Prostate-specific membrane antigen (PSMA), which is highly expressed in prostate carcinoma cells, is a type II transmembrane protein. Gallium-68-labeled PSMA (68Ga-PSMA) is a relatively novel radiotracer, which targets PSMA and can detect cancer relapse and metastasis. PSMA is also expressed in the neovasculature of various solid malignant tumors, including clear cell renal cell carcinoma (ccRCC). For the first time, Demirci et al. reported a case of ccRCC with 68Ga-PSMA uptake (1). The 68Ga-PSMA positron emission tomography/computed tomography (PET/CT) scan is potentially useful in patients with RCC recurrence to detect metastasis. Moreover, 68Ga-PSMA PET/CT may detect lung cancer lesions; however, further investigation is needed.
2. Case Presentation
We present the case of a 65-year-old man with a history of right lower lobe adenocarcinoma in 2015 and a subsequent diagnosis of ccRCC of the left kidney in 2018. Both conditions were treated with a right lower lobectomy and a left partial nephrectomy, respectively. Also, they were evaluated using 18F-fluorodeoxyglucose (18F-FDG) PET/CT scan before surgery. As an age screening protocol, the prostate-specific antigen (PSA) level was examined annually. An increase in PSA (15.98 ng/mL) was detected in the follow-up for the first time in September 2020. The initial transrectal and pelvic ultrasounds demonstrated a hypoechoic lesion in the right peripheral zone of prostate, which was confirmed via pelvic magnetic resonance imaging (MRI), as it indicated a lesion at the same site with low T2 signals, restricted diffusion, and reduced apparent diffusion coefficient (ADC).
The subsequent transrectal prostate biopsy demonstrated prostate adenocarcinoma with a Gleason score of eight. Although not recommended by the National Comprehensive Cancer Network (NCCN) guidelines, the patient was referred for 68Ga-PSMA PET/CT scan for the initial staging and metastatic evaluation. The 68Ga-PSMA PET/CT scan demonstrated 68Ga-avid lesions in both lung and kidney surgical beds, along with prostate as the primary tumor site (Figure 1). There was no other 68Ga-PSMA avid lesion in the study. The subsequent biopsy of the right lung and the left kidney surgical bed lesions was consistent with non-small cell lung carcinoma and ccRCC, respectively (Figure 2).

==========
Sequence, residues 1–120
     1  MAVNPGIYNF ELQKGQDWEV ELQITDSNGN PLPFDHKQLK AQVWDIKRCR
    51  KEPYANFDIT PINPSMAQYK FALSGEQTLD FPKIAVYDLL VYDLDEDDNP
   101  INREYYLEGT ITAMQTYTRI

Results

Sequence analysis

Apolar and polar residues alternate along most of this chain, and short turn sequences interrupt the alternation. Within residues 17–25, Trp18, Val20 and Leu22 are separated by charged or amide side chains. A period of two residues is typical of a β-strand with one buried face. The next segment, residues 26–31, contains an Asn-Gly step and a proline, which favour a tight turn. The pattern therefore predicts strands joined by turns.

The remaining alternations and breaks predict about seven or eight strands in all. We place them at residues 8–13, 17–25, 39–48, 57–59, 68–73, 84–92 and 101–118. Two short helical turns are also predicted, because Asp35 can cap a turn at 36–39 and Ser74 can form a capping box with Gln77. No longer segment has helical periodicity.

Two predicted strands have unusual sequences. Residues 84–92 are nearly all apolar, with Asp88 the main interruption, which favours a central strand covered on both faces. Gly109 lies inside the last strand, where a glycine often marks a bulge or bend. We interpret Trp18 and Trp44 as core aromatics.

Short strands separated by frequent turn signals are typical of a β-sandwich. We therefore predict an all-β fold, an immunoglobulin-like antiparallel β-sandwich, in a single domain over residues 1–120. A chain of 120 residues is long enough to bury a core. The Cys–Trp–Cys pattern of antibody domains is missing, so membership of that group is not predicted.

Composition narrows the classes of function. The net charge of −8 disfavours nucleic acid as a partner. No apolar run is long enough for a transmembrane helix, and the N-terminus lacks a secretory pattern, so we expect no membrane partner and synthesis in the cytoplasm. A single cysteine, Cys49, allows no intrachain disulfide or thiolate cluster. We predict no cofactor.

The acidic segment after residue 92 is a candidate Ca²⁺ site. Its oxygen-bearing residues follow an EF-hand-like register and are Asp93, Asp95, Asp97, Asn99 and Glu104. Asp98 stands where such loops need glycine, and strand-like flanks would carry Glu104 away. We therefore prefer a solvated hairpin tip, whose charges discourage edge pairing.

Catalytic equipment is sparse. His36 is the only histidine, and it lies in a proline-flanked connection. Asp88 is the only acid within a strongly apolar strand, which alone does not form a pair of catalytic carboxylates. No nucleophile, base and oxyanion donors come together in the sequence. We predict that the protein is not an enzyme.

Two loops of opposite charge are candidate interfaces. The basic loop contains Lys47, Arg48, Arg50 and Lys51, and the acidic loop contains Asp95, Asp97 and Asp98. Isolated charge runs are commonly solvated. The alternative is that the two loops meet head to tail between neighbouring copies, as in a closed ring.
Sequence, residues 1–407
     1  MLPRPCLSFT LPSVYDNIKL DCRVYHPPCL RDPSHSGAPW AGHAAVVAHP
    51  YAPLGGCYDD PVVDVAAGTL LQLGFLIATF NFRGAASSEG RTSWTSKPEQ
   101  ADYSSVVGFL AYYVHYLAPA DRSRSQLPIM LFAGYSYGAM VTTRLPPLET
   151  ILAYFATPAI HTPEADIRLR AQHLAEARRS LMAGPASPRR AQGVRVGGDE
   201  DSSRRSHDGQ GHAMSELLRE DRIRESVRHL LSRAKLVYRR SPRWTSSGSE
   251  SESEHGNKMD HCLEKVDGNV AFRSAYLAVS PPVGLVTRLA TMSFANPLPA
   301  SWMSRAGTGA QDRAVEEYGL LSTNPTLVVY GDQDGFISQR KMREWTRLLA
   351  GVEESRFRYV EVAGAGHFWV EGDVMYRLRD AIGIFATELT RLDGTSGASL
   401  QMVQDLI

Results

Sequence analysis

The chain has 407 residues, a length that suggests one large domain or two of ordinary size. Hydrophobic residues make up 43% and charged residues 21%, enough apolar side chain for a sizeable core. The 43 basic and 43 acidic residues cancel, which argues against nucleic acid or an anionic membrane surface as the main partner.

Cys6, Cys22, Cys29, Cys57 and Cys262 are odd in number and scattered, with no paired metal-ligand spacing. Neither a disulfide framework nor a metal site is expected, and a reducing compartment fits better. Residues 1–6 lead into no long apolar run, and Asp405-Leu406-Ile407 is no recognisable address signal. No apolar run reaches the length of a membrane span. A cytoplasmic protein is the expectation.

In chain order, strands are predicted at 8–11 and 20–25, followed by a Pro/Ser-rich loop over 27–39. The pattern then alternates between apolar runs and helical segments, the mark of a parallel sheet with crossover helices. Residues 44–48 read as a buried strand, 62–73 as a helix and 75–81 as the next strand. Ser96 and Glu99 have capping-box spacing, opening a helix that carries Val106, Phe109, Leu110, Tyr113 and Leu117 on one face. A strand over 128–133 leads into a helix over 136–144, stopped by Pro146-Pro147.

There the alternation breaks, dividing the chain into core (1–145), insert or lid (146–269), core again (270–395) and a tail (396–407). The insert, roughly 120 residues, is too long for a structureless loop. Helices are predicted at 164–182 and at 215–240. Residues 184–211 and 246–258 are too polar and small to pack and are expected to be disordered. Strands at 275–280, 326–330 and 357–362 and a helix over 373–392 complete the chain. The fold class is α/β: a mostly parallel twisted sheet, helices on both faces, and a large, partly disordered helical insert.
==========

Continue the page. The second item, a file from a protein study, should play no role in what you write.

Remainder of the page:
The expression of PSMA has been demonstrated in the neovasculature of various malignancies other than prostate cancer, including breast adenocarcinoma, colorectal adenocarcinoma, transitional cell carcinoma, glioblastoma multiforme, pancreatic ductal and gastric adenocarcinomas, and a variety of renal tumors, including ccRCC, papillary RCC, oncocytomas, and angiomyolipomas (2). However, breast, lung, colorectal, and renal cell carcinomas are the most common primary tumors with PSMA expression (3, 4).
Siva et al. published a case series, including eight patients with RCC, undergoing both 18F-FDG and 68Ga-PSMA PET imaging. The PSMA uptake was typically more intense than FDG in RCC. Both PET radiotracers demonstrated treatment response before the emergence of morphological changes on either CT or MRI. They concluded that PSMA PET scan is suitable for diagnostic and response assessments in metastatic RCC patients after local treatments (5).
Mads et al. reported an interesting case of primary lung adenocarcinoma in a 70-year-old man with prostate cancer on 68Ga-PSMA PET scan for the first time in 2018 (6). On the other hand, Pyka et al. reported that 68Ga-PSMA PET scan cannot differentiate between pulmonary metastasis and primary lung tumors in patients with prostate cancer. They found no clear reason for the high PSMA uptake in non-prostate cancer lesions. However, they hypothesized that PSMA protein expression in the neovasculature can be related to other factors, such as tracer binding to proteins other than PSMA (7). Nadebaum et al. also described the “flip-flop” phenomenon using 68Ga-PSMA and 18F-FDG PET/CT scans in a patient with sarcomatoid RCC. Areas with a slow recurrence and a low grade of sarcomatoid differentiation demonstrated intense 68Ga-PSMA expression with a low 18F-FDG uptake (8).
Overall, 68Ga-PSMA PET/CT scan is potentially useful for patients with RCC recurrence to detect metastasis; it may be also used for the assessment of treatment response to novel therapeutic agents (9, 10). The expression of PSMA may be considered as an indicator of lutetium-177 (177Lu)-PSMA therapy efficacy and an alternative treatment for patients with RCC recurrence. However, further studies with a larger sample size (9, 11) and prospective trials are needed to evaluate PSMA-targeted agents for imaging and treatment of non-prostate neoplasms. Also, the role of 68Ga-PSMA PET scan in the evaluation of lung cancer lesions is less understood, and further research is necessary.
In conclusion, we found the expression of PSMA in a patient with concurrent renal and pulmonary cancers. Based on the findings, 68Ga-PSMA PET scan is a potentially useful tool for the evaluation and treatment of tumors other than prostate cancer with PSMA expression. Nonetheless, further investigation is needed on a larger sample size to confirm its potential role.
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